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Book Closes on Obama-Era Overtime Rule


It has taken nearly a year and a half, but it finally appears that the Fair Labor Standards Act (“FLSA”) regulations on the “white collar” overtime exemptions will not go into effect.

As you may recall, the proposed regulations, which were issued by the U.S. Department of Labor (“DOL”) in May 2016, would have raised the required salary threshold for the exemptions from $455 per week to $913 per week. In late November 2016, days before the regulations were to go into effect, a federal district court in Texas entered a nationwide preliminary injunction that, in effect, hit the “pause button.”  

The DOL appealed this decision and subsequently received several extensions of time in which to file its reply brief with the appeals court so as “to allow incoming leadership personnel adequate time to consider the issues” or whether to continue the appeal at all. In its reply brief, which was filed in June 2017, the DOL asked the appeals court to reverse the district court and reaffirm the DOL’s ability to establish a salary level test but not address the validity of the $913 weekly threshold set by the rule.

The appeals court will not have to address that issue, however, as the district court judge recently struck down the regulations and entered summary judgment in favor of the business groups who challenged them.  The judge ruled that by setting the salary threshold where it did, the DOL effectively eliminated the exemptions’ duties test and exceeded its authority.  The judge did note, however, that he was not ruling on the DOL’s authority to set a salary level test for the exemptions.  Soon after this ruling, the appeals court granted the DOL’s unopposed motion to dismiss the appeal.  It is therefore unlikely that the DOL will appeal the district court’s ruling.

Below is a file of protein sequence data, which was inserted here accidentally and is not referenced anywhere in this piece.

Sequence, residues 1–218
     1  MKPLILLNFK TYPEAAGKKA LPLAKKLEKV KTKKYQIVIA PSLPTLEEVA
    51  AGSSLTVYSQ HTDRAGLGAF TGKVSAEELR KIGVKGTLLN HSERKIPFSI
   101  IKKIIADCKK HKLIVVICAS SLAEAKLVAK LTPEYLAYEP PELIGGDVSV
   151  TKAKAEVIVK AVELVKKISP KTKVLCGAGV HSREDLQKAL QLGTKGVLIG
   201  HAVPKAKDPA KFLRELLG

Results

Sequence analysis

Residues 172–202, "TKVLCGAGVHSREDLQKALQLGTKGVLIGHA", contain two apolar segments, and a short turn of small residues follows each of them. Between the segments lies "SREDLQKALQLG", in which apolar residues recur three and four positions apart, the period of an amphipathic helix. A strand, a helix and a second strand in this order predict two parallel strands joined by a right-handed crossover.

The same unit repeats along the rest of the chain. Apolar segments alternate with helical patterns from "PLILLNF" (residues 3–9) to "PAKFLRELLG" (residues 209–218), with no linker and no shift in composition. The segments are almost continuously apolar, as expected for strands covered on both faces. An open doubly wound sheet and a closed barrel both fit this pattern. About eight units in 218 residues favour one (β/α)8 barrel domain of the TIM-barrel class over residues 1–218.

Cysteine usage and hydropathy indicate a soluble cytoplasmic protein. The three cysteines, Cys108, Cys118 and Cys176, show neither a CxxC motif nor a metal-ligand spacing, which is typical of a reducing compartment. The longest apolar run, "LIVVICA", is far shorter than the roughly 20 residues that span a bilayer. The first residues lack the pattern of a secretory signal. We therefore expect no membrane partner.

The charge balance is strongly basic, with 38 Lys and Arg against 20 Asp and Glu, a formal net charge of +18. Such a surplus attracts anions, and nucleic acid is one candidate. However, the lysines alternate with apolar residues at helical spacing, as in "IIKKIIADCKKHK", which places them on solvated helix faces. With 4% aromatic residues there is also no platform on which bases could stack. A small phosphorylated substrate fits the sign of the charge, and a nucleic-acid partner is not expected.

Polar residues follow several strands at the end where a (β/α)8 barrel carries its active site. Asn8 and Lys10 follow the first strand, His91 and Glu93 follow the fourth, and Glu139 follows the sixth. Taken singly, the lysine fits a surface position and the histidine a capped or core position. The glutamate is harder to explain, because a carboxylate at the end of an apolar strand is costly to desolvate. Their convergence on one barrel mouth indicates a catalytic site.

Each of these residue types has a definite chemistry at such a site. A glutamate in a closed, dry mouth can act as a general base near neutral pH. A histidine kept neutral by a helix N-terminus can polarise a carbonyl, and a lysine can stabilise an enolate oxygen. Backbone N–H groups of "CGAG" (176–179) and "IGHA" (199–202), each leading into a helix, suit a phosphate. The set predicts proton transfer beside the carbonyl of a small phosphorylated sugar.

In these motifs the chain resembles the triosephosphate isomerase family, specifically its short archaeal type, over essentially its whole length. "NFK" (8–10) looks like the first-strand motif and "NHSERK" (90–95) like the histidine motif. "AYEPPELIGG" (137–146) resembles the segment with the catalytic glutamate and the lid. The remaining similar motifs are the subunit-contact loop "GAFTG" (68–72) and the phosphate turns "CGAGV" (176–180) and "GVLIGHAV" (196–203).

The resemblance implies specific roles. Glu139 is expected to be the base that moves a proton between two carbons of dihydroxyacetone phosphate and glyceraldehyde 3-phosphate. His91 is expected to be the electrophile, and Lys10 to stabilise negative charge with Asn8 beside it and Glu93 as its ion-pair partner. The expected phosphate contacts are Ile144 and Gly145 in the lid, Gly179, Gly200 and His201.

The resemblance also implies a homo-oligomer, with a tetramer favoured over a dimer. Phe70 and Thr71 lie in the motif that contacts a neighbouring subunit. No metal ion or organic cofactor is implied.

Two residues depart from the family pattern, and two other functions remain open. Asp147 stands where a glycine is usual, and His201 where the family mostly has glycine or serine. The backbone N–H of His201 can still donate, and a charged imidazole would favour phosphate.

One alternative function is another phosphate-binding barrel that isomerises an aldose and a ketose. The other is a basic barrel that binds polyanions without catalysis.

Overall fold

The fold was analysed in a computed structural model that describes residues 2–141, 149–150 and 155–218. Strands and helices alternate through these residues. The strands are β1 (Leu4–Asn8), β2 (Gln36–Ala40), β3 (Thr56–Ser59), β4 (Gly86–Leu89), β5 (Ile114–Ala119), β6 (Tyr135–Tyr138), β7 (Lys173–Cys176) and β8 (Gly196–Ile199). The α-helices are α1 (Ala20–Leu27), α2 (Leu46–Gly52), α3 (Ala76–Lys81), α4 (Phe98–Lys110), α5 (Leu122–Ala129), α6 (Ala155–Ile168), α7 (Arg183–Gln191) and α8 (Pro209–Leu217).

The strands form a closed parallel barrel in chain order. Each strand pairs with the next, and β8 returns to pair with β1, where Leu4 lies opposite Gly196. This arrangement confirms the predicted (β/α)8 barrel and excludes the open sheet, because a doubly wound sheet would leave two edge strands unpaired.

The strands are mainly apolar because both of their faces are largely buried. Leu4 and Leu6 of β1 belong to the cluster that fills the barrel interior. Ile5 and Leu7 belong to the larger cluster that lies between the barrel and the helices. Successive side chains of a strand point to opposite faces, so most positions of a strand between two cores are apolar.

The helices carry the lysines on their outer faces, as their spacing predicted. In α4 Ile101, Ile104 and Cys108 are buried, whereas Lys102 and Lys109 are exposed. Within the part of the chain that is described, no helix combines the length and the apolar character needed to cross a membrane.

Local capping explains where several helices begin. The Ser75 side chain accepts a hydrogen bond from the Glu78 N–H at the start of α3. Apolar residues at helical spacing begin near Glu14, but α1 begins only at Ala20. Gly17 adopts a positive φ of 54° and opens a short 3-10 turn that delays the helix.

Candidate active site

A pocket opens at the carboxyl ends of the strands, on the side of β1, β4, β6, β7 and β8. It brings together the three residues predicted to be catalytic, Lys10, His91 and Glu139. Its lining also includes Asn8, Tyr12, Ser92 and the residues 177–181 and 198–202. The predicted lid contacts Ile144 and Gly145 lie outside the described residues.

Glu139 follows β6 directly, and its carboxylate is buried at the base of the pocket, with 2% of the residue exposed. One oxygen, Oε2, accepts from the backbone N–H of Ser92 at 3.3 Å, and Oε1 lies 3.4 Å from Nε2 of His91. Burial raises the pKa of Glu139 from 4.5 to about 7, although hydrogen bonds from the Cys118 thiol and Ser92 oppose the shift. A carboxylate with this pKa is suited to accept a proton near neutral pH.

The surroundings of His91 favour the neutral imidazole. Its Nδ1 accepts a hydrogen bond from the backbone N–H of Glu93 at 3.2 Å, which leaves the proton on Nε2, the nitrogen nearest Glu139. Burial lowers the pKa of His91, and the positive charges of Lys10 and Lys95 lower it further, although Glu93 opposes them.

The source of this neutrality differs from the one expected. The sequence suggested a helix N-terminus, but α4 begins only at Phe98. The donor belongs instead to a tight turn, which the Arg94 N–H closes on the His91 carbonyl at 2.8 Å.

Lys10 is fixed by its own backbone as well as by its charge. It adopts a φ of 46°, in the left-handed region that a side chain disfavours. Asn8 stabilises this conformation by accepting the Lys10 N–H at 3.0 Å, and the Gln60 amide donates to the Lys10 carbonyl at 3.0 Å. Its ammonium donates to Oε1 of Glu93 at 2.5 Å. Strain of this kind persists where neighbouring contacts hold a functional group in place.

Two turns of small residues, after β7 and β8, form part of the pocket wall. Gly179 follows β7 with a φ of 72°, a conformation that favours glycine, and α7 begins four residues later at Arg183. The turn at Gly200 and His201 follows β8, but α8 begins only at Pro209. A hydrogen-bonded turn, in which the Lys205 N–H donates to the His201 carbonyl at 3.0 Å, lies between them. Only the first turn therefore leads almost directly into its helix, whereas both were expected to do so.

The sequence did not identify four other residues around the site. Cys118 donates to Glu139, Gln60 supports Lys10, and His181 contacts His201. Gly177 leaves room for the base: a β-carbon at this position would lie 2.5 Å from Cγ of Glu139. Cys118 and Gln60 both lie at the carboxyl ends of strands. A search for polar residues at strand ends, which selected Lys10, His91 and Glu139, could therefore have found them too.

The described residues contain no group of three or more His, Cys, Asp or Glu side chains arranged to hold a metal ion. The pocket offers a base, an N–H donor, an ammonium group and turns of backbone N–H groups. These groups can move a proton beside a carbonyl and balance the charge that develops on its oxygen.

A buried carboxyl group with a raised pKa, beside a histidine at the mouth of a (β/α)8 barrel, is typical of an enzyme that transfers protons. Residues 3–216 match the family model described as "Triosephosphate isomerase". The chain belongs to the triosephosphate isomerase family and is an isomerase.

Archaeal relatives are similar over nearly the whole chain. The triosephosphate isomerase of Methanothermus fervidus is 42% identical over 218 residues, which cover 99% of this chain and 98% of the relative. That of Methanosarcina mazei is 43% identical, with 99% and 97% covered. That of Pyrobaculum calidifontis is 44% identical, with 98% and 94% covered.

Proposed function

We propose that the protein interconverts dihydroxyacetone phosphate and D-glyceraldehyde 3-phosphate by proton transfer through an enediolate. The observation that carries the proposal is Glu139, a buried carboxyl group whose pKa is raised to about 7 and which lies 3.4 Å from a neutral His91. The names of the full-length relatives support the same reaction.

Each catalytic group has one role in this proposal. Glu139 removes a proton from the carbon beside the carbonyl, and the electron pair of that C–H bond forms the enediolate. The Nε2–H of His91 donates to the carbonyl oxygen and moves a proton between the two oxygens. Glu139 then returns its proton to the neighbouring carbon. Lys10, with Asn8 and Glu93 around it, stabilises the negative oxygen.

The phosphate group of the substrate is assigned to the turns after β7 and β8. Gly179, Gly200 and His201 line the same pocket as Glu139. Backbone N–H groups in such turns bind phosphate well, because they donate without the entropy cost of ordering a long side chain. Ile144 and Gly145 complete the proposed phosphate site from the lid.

So, after all that, where do we go from here?  The answer appears to be a new set of proposed regulations that result from the administrative rulemaking process.  The DOL signaled its intention to institute this process several months ago when Secretary of Labor Alexander Acosta stated that the DOL would likely issue a Request for Information (“RFI”) regarding the regulations and, in particular, the salary level.  On July 26, the DOL published the RFI, which allows the public to provide information that will aid the DOL in formulating a proposal to revise the overtime regulations.  Notably, the RFI “solicits feedback on questions related to the salary level test, the duties test, varying cost-of-living across different parts of the U.S., inclusion of non-discretionary bonuses and incentive payment to satisfy a portion of the salary level, the salary test for highly compensated employees, and automatic updating of the salary levels.”  The public has until September 25, 2017 to respond to the RFI.

There are several takeaways for employers.  The first is that the $913 weekly salary level for the proposed “white collar” exemptions will not go into effect.  The second is that the weekly salary level will eventually rise through rulemaking, but to a level that should be much lower than the level set by the Obama-era proposed rule.  We will be sure to update you on any additional developments on this issue as they arise.  For questions about this or any other labor and employment topic, please do not hesitate to contact a member of our Labor and Employment Department.